In ‘Amar Lekh Volume 2’, the author has, among various subjects, explained the philosophical importance of keeping uncut hair, and other such issues in the Sikh way of life to further the reader’s understanding of their own identity. Underlying the importance of initiative on the part of the believer, in order to attain enlightenment, Bhai Vir Singh weaves the philosophy of Karma, contentment and renunciation, central to all religious thought, in order to equip the Sikhs against the onslaught of influences of the evolving times. The weaponry of  the True Name, which the author subscribes to, can be said to be relevant today as much as it was a century ago. Savor this ageless wonder By Bhai Vir Singh at

Wednesday, 25 March 2015

Amar Lekh Part 1 in Punjabi By Bhai Vir Singh

Amar Lekh Part 1 came out in 1967, it is a compilation of essays, which appeared in a Punjabi weekly, the Khalsa Samachar (newspaper) started by Bhai Vir Singh in November 1899. Article from the compilation was published in this newspaper on a daily basis. Bhai Vir Singh Sahitya Sadan named the articles as Amar Lekh. Those articles were very patriotic and meaningful. After the death of Bhai Sahib, Bhai Vir Singh Sahitya Sadan published the article in a book form.  Bhai Sahib wrote on many topics like Sikh Dharm (a Sikh Religion), Granthi (the keeper and reader of Sikh scripture), Kirtan (hymn Song), Gurmat Sanskar, and Rasma (Rituals) etc.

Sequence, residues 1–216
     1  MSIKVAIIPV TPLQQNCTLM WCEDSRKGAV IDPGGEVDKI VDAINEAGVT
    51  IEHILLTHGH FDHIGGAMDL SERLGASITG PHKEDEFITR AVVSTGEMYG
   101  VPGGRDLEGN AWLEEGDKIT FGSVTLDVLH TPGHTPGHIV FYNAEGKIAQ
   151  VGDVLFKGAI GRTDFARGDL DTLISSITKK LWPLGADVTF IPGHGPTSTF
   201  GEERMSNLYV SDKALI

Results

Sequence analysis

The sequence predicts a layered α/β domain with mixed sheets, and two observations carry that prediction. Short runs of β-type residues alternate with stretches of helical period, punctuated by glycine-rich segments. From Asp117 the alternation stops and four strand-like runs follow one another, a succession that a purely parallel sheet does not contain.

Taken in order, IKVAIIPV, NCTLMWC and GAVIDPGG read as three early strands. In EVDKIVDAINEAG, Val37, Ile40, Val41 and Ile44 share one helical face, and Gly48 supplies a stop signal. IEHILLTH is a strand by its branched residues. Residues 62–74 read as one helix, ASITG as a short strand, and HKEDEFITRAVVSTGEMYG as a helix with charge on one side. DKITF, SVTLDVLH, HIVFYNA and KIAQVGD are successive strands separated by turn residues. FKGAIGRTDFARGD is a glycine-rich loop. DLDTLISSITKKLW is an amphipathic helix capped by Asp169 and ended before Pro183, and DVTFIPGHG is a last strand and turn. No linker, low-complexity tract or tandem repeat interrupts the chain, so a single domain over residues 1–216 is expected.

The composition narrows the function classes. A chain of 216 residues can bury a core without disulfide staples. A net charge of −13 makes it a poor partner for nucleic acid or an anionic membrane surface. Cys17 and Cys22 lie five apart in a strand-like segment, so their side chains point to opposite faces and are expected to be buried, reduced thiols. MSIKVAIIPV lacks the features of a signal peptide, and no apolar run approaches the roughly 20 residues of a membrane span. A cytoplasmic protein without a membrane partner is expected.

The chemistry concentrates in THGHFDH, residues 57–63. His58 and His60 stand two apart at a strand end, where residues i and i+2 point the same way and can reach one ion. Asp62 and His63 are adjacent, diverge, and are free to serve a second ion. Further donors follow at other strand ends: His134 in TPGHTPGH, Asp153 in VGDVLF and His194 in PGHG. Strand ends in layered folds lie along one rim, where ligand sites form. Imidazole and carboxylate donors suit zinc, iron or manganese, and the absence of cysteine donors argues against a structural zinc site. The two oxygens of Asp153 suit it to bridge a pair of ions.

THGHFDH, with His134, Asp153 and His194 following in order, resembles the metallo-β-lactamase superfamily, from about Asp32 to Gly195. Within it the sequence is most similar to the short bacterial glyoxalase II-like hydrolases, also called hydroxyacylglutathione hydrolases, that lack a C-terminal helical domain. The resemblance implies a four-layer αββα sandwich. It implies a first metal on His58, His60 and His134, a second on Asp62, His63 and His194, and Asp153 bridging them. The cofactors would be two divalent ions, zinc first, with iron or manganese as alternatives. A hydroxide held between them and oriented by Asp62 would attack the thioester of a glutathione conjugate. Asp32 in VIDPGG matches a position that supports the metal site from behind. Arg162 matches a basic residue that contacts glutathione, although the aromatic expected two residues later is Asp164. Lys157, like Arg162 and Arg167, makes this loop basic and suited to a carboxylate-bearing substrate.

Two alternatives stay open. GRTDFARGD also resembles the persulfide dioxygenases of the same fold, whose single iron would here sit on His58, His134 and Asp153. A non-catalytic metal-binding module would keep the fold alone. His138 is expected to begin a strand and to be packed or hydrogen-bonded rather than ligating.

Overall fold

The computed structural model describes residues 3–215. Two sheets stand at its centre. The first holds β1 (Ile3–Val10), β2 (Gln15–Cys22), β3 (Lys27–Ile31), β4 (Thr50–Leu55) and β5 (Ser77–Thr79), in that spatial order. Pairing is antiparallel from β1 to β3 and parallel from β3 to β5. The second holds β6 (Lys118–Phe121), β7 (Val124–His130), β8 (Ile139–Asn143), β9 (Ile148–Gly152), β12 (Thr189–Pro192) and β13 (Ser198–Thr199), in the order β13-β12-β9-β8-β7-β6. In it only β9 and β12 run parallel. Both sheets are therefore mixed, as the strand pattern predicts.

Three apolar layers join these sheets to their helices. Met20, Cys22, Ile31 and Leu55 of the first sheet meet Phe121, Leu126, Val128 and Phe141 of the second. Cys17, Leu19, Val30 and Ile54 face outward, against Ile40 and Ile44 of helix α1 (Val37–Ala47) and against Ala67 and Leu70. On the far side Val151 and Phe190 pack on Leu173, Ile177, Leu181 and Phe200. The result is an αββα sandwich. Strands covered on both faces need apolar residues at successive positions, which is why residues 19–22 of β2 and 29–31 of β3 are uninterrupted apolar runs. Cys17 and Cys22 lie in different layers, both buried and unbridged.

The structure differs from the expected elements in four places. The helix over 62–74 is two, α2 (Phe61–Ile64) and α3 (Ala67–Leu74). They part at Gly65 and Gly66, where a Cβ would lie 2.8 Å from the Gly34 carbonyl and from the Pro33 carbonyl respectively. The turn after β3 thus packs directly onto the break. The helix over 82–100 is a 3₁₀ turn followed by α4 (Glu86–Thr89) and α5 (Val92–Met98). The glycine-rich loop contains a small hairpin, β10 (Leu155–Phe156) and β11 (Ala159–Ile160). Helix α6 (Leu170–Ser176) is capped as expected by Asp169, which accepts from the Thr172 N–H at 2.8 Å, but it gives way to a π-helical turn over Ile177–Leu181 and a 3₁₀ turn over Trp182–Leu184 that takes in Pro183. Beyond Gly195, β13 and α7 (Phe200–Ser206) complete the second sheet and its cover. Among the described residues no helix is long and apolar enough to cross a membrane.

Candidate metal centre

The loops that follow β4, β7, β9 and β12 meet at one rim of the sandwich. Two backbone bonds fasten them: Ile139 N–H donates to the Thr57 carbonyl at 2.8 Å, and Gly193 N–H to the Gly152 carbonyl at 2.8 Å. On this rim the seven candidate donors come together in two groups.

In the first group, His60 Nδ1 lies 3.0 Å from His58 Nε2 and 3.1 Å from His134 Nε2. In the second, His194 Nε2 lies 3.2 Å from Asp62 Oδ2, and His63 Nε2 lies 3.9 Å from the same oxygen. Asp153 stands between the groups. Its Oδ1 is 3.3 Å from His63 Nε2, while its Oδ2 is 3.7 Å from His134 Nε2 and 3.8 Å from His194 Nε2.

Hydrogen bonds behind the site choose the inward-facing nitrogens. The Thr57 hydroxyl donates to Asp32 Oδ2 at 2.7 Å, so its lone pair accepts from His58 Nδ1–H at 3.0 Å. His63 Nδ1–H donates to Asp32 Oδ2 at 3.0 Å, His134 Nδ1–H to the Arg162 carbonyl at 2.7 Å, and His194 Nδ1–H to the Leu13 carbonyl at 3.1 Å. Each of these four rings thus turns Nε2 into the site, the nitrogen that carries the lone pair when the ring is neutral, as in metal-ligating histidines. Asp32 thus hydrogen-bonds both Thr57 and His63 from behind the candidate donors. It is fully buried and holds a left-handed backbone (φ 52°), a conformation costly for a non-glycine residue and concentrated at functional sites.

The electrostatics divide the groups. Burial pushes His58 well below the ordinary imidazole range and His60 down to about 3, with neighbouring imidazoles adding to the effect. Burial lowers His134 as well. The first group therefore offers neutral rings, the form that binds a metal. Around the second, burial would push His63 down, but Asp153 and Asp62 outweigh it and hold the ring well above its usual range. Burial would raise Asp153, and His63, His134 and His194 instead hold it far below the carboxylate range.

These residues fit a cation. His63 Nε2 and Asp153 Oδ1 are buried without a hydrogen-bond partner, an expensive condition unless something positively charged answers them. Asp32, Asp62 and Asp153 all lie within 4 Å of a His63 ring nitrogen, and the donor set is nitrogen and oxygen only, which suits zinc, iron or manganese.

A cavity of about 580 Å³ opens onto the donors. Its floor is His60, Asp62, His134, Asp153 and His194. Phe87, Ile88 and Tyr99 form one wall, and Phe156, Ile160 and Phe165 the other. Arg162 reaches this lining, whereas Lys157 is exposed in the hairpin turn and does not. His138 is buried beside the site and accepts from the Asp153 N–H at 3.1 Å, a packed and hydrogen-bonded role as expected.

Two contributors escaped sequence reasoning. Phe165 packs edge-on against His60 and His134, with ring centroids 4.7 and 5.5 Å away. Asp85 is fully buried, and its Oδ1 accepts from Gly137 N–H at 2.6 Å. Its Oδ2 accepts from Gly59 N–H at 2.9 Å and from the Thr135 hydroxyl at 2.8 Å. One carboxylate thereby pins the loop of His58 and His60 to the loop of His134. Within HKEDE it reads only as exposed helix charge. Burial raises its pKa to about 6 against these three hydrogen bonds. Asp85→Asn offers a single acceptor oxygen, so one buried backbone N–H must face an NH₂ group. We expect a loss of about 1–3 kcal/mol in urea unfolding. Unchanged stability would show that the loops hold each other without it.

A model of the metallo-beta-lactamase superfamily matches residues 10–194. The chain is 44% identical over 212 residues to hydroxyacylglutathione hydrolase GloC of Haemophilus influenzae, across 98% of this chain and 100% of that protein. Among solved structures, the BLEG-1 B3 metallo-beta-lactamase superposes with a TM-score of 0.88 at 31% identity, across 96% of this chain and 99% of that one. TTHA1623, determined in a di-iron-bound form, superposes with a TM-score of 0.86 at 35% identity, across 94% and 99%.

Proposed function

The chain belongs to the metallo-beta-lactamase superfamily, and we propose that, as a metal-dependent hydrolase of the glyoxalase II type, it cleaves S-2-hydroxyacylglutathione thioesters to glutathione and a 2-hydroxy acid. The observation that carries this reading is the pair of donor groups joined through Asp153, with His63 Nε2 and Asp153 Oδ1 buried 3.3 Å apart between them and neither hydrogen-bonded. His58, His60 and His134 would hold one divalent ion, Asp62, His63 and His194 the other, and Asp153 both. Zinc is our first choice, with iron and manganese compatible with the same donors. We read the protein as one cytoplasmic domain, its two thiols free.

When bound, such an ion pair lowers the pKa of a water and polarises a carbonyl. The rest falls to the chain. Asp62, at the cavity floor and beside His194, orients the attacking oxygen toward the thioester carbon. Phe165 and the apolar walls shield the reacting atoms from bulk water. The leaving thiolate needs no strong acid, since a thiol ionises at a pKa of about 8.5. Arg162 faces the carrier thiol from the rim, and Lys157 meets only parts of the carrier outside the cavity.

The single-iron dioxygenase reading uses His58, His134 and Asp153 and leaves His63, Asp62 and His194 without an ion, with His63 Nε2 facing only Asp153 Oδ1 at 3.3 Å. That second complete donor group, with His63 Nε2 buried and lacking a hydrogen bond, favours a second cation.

The Book Amar Lekh was a collection of religious writings published in ‘Khalsa Samachar’. In the first part of the book Bhai sahib wrote about Sikh religion. In determining the basic parameters of the modern phase of Sikhism, Bhai Vir Singh stressed the autonomy of Sikh faith nourished and sustained by an awakening amongst the Sikhs who were aware of their distinct theological and cultural identity. Secondly, he aimed at reorienting the Sikhs' understanding of their faith in such a manner as to help them assimilate the different modernizing influences to their historical memory and cultural heritage. Education of the masses was the first requirement for the fulfillment of these objectives.

In Granthi, the meaning and essence of a Granthi is explained by Bhai Vir Singh. He can be any person of either gender, who performs the reading of the Guru Granth Sahib at congregational occasions, however this task can be performed by any individual who is part of the congregation (Sangat). The official Granthi's task is to perform the morning rites (prakash, or opening of the Guru Granth Sahib), reading the paath and sukhasan (closing the Guru Granth Sahib in the evening). The Granthi is not equivalent to "Priest", as there is no priestly class in Sikhism. In this Book, Bhai Sahib described many articles which were very interesting.